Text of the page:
Expect to hit a plateau in your own fitness results[2]. When you expect a plateau, you can manage around it so you can continue your progress at a more realistic rate. When expectations meet reality, you can avoid dietary crashes.

4. Eat Healthy, Not Just Food That Looks Healthy

Know what you eat. Don’t fuss over minutia like whether you’re getting enough Omega 3’s or tryptophan, but be aware of the big things. Look at the foods you eat regularly and figure out whether they are healthy or not. Don’t get fooled by the deceptively healthy snacks just pretending to be good for you.

The basic nutritional advice includes:

  • Eat unprocessed foods
  • Eat more veggies
  • Use meat as a side dish, not a main course
  • Eat whole grains, not refined grains[3]

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Eat whole grains when you want to learn how to get in shape.

    5. Watch Out for Travel

    Don’t let a four-day holiday interfere with your attempts when you’re learning how to get in shape. I don’t mean that you need to follow your diet and exercise plan without any excursion, but when you are in the first few weeks, still forming habits, be careful that a week long break doesn’t terminate your progress.

    This is also true of schedule changes that leave you suddenly busy or make it difficult to exercise. Have a backup plan so you can be consistent, at least for the first month when you are forming habits.

    If travel is on your schedule and can’t be avoided, make an exercise plan before you go[4], and make sure to pack exercise clothes and an exercise mat as motivation to keep you on track.

    6. Start Slow

    Ever start an exercise plan by running ten miles and then puking your guts out? Maybe you aren’t that extreme, but burnout is common early on when learning how to get in shape. You have a lifetime to be healthy, so don’t try to go from couch potato to athletic superstar in a week.

    If you are starting a running regime, for example, run less than you can to start. Starting strength training? Work with less weight than you could theoretically lift. Increasing intensity and pushing yourself can come later when your body becomes comfortable with regular exercise.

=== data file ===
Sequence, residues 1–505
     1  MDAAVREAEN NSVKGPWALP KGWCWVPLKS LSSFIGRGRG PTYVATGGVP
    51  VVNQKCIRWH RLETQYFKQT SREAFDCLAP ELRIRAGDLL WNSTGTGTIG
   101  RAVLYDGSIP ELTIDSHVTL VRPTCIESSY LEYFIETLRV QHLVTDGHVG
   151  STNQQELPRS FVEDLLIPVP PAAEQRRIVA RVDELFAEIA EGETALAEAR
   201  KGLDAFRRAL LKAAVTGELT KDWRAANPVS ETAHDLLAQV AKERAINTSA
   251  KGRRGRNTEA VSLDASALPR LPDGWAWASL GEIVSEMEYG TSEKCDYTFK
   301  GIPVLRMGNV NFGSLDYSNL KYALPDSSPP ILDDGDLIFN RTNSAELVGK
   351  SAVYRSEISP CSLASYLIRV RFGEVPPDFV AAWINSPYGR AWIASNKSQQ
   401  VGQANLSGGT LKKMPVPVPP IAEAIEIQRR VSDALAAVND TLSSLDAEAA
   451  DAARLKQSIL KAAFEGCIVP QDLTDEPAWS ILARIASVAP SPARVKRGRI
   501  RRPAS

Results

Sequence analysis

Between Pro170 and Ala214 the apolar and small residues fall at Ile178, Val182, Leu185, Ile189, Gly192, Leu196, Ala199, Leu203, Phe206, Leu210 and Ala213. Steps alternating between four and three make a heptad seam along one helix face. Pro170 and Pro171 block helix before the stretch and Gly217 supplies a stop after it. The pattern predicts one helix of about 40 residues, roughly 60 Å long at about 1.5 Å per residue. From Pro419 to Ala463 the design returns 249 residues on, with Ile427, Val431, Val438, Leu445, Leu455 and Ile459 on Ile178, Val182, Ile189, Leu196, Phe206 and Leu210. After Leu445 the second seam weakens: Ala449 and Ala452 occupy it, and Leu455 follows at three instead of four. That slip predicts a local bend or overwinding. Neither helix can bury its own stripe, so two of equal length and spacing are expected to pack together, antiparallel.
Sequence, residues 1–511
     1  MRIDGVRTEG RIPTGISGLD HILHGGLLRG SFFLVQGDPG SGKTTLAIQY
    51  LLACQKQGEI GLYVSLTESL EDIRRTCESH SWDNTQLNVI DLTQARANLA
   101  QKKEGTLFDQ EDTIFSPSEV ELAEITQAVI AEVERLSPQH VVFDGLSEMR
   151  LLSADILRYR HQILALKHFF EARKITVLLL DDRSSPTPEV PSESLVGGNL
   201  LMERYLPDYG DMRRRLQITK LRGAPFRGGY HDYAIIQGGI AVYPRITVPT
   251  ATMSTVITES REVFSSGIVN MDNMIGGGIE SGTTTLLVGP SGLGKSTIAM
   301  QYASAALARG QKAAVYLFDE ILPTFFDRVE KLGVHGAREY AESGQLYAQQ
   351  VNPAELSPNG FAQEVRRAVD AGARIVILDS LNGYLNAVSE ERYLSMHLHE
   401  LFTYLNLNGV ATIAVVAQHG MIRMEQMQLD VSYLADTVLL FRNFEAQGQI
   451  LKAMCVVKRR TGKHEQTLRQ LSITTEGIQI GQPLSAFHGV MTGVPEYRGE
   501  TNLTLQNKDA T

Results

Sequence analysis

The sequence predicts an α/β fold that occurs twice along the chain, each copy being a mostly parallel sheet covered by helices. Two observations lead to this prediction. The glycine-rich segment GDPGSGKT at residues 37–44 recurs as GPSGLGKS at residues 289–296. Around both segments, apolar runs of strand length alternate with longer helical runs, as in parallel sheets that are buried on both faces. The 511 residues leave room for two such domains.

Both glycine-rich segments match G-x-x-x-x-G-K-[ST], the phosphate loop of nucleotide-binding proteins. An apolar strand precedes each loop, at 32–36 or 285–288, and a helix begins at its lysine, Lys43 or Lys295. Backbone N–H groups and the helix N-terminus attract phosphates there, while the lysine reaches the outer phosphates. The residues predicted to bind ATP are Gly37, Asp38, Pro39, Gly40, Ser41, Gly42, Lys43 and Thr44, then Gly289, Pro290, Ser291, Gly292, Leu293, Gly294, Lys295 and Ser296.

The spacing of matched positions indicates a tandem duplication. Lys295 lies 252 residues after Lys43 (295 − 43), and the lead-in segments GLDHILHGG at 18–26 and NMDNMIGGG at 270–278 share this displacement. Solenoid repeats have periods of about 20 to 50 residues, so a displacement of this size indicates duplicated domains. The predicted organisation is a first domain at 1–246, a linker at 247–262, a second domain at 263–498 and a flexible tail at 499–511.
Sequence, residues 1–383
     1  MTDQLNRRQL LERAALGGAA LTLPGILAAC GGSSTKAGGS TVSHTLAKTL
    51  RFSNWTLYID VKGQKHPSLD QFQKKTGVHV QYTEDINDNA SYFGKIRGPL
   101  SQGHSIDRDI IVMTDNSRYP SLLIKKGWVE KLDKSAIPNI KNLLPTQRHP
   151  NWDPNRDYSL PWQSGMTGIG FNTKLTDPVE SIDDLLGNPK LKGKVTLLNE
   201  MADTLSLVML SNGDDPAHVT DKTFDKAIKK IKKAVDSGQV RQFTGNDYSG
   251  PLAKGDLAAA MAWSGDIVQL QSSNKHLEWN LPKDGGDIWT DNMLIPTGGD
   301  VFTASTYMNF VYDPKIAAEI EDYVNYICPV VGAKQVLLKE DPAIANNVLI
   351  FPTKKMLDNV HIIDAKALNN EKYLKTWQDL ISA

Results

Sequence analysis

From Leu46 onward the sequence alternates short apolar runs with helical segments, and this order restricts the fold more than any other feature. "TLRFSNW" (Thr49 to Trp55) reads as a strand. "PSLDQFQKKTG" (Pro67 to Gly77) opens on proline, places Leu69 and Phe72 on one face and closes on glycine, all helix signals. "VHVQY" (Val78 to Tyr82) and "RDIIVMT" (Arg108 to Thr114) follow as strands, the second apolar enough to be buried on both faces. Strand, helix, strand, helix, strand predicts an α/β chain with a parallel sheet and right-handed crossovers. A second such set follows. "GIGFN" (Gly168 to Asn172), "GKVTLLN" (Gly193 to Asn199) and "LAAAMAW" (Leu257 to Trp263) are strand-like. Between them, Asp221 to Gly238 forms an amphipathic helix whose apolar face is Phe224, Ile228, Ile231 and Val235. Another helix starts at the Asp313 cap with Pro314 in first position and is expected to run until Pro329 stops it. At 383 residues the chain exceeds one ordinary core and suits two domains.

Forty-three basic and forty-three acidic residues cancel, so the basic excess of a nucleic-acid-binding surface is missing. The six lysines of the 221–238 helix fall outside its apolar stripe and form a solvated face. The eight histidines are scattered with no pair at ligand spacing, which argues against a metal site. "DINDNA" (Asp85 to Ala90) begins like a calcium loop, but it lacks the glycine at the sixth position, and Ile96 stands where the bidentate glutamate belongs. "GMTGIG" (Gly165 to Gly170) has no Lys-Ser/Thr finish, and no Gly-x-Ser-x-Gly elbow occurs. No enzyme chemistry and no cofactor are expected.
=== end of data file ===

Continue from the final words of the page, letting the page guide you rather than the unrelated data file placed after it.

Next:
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    7. Be Careful When Choosing a Workout Partner

    Should you have a workout partner? That depends. Workout partners can help you stay motivated and make exercising more fun. But they can also stop you from reaching your goals.

    My suggestion would be to have a workout partner, but when you start to plateau (either in physical ability, weight loss/gain, or overall health) and you haven’t reached your goals, consider mixing things up a bit.

    If you plateau, you may need to make changes to continue improving. In this case it’s important to talk to your workout partner about the changes you want to make, and if they don’t seem motivated to continue, offer a thirty day break where you both try different activities.

    I notice that guys working out together tend to match strength after a brief adjustment phase. Even if both are trying to improve, something seems to stall improvement once they reach a certain point. I found that I was able to lift as much as 30-50% more after taking a short break from my regular workout partner.

    Final Thoughts

    Learning how to get in shape in as little as two weeks sounds daunting, but if you’re motivated and have the time and energy to devote to it, it’s certainly possible.

    Find an exercise routine that works for you, eat healthy, drink lots of water, and watch as the transformation begins.

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    Featured photo credit: Alexander Redl via unsplash.com

    Reference